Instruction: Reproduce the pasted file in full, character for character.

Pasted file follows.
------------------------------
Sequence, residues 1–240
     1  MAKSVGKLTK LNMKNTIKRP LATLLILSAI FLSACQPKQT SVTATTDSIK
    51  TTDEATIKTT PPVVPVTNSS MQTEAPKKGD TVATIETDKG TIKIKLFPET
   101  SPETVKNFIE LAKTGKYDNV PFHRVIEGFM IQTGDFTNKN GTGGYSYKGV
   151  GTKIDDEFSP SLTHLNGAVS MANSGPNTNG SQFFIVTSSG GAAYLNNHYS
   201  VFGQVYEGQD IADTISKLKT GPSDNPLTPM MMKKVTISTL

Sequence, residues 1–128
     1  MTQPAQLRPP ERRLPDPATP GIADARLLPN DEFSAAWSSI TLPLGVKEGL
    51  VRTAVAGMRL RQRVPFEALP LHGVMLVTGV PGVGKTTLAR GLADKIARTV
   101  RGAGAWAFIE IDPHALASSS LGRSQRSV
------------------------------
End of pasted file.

Sequence, residues 1–240
     1  MAKSVGKLTK LNMKNTIKRP LATLLILSAI FLSACQPKQT SVTATTDSIK
    51  TTDEATIKTT PPVVPVTNSS MQTEAPKKGD TVATIETDKG TIKIKLFPET
   101  SPETVKNFIE LAKTGKYDNV PFHRVIEGFM IQTGDFTNKN GTGGYSYKGV
   151  GTKIDDEFSP SLTHLNGAVS MANSGPNTNG SQFFIVTSSG GAAYLNNHYS
   201  VFGQVYEGQD IADTISKLKT GPSDNPLTPM MMKKVTISTL

Sequence, residues 1–128
     1  MTQPAQLRPP ERRLPDPATP GIADARLLPN DEFSAAWSSI TLPLGVKEGL
    51  VRTAVAGMRL RQRVPFEALP LHGVMLVTGV PGVGKTTLAR GLADKIARTV
   101  RGAGAWAFIE IDPHALASSS LGRSQRSV